The Road to Oaxaca
Articles in this series are exploring the changing patterns of immigration between the United States and Mexico.
By DAMIEN CAVE
Published: January 5, 2012
SANTA MARÍA ATZOMPA, Mexico — When the old-timers here look around their town, all they see are new arrivals: young Mexican men working construction and driving down wages; the children of laborers flooding crowded schools; even new businesses — stores, restaurants and strip clubs — springing up on roads that used to be dark and quiet.
A Mexican sociologist has called the growth of Santa María Atzompa and the surrounding area “fast, barbaric and anarchic.”
The shock might seem familiar enough in countless American towns wrestling with immigration, but this is a precolonial Mexican village outside Oaxaca City, filling up with fellow Mexicans. Still, grimaces about the influx are as common as smiles.
“Before all these people came, everything was tranquil,” said Marcelino Juárez, 61, an artisan at the local ceramics market. “They bring complications. They don’t bring benefits.”
Throughout Mexico and much of Latin America, the old migratory patterns are changing. The mobile and restless are now casting themselves across a wider range of cities and countries in the region, pitting old residents against new, increasing pressure to create jobs and prompting nations to rewrite their immigration laws, sometimes to encourage the trend.
The United States is simply not the magnet it once was. Arrests at the United States’ southwest border in 2011 fell to their lowest level since 1972, confirming that illegal immigration, especially from Mexico, has reached what experts now describe as either a significant pause or the end of an era.
But this is not a shift in volume as much as direction. Nearly two million more Mexicans lived away from their hometowns in 2010 than was the case a decade earlier, according to the Mexican census. Experts say departures have also held steady or increased over the past few years in Guatemala, El Salvador, Peru and other Latin American countries that have traditionally been hubs of emigration.
The migrants are just not always going where they used to.
Mexicans, for example, are increasingly avoiding the United States and the border region, as well as their own capital, and are moving toward smaller, safer cities like Mérida, Oaxaca City and Querétaro. Experts say more Guatemalans are also settling in Mexico after years of passing through on the journey north.
To the south, the pull of Chile, Argentina and Brazil is also strengthening. The International Organization for Migration reports that the Bolivian population in Argentina has increased by 48 percent since 2001 (to 345,000), and that the country’s Paraguayan and Peruvian populations have grown even faster.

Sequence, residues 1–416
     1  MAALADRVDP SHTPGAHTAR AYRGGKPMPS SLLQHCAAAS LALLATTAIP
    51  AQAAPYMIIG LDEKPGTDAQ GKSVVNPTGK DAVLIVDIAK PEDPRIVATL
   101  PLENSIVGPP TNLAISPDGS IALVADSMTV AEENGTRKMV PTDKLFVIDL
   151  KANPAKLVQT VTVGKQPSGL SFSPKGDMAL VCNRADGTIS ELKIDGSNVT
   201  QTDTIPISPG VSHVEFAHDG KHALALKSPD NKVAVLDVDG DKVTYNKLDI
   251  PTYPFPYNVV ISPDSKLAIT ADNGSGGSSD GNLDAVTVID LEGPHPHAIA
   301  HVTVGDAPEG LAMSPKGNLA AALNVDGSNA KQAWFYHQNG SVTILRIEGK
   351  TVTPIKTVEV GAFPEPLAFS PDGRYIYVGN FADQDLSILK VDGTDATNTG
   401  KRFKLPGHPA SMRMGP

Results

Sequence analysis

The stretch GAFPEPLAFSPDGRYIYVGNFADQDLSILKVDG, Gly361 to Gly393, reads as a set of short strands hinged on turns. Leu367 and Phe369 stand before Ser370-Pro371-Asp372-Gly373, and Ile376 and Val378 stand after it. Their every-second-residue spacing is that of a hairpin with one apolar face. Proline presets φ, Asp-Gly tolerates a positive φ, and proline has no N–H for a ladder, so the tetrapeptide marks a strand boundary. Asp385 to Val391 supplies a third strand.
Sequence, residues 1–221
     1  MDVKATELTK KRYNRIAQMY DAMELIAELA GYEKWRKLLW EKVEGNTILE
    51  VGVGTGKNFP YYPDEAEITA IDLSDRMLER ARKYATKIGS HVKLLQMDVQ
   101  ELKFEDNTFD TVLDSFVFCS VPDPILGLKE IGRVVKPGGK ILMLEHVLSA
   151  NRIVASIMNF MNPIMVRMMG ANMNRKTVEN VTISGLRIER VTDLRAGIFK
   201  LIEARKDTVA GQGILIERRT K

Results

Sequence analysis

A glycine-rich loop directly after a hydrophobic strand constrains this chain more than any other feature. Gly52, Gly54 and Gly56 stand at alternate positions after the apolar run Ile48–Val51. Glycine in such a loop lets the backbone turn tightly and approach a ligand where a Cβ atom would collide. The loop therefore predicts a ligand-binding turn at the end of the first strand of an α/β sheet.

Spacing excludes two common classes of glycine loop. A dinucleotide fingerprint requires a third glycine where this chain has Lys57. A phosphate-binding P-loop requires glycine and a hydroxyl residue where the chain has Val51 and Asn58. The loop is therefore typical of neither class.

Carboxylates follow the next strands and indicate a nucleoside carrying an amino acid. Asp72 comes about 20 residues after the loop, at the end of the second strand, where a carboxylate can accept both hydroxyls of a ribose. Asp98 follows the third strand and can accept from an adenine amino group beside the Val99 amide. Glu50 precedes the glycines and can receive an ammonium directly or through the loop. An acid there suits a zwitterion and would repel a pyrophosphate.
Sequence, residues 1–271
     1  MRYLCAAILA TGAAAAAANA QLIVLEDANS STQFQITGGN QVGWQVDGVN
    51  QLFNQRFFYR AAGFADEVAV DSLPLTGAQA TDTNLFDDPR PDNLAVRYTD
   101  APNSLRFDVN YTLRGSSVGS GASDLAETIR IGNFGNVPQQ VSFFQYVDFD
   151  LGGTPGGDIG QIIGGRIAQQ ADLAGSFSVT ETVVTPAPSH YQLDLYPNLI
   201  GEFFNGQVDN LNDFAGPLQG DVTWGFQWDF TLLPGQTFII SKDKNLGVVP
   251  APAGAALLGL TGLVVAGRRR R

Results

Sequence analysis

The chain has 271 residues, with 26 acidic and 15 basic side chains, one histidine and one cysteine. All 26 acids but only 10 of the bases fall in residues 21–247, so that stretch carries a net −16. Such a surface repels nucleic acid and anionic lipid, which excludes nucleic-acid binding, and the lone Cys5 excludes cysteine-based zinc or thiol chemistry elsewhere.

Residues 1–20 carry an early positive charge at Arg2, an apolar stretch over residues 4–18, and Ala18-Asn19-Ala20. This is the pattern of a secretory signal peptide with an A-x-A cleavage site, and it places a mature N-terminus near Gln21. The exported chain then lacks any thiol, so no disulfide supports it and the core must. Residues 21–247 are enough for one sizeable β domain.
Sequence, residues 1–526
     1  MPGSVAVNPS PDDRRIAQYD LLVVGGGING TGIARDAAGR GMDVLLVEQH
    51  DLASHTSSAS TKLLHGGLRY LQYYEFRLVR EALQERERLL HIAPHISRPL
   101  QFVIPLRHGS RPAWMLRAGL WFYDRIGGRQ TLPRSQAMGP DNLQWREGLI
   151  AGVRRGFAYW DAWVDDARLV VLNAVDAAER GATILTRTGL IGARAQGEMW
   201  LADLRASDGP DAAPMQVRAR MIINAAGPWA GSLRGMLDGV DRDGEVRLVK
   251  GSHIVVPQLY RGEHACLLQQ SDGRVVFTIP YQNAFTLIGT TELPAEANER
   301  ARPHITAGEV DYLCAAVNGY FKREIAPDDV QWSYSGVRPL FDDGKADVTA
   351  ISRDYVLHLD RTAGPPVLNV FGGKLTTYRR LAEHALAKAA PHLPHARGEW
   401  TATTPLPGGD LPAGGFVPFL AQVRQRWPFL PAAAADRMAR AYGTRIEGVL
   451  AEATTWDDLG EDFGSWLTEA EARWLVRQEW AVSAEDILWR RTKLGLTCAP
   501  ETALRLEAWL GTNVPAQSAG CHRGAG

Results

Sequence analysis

All of this movement is reshaping the region, making it less like a compass pointing north and more like a hub with many spokes. From the papayas grown by Bolivian farmers in Argentina to the recent discovery of exploited illegal workers in Chile and conflicts over local government in southern Mexico, this intraregional migration in Latin America has become both a challenge and a promising surprise for a part of the world that has generally framed the issue in terms of how many people leave for the United States.
“It’s like a river changing course,” said Gabino Cué Monteagudo, the governor of Oaxaca. “It’s the process of development — it’s inevitable.”
For the United States, the collective shift means fewer migrants crossing the border illegally and possibly more debate over whether the expanded budgets for immigration enforcement still make sense.
But the greatest impacts are being felt in fast-growing towns like Santa María Atzompa, where thousands of mostly poor, rural families have chosen to seek their fortunes. In the case of this town and the surrounding area, the growth has been “fast, barbaric and anarchic,” said Jorge Hernández-Díaz, a sociologist at the Autonomous University of Benito Juárez de Oaxaca.
A generation ago, he said, the road from Oaxaca City to the main plaza of Atzompa passed by fields and farmers, little more. The total population for the municipality in 1990 was 5,781. Now, this small piece of land has filled in with a labyrinth of dirt roads with dead ends, new businesses and thousands of homes in varying levels of construction and quality.
Residents say the population boom accelerated around 2006, as opportunities in the United States fell away and the dangers and cost of crossing the border became prohibitive amid drug cartel violence and stepped-up border security. Now, more than 27,000 people live in Atzompa, according to the 2010 census, and more keep coming.
Other regional poles are experiencing similar growth. Indeed, while the population of Mexico City has stabilized and immigration to the United States has declined, Mexico’s coastal and exurban areas have expanded.
This is partly because of the Mexican government’s efforts to decentralize development, often with incentives for international businesses. Just last month, Nissan said that it would build a factory in the central city of Aguascalientes. Here in Oaxaca State, experts say, the migration out of rural areas is also a product of land reforms in 1992 that, along with the North American Free Trade Agreement, made it harder for farmers to eke out a living and easier for them to sell land.
In South America, too, free trade agreements have contributed to more regional movement, as have steadily growing economies and new laws encouraging migration or protecting migrants’ rights in Argentina, Uruguay, Mexico and Ecuador, among others.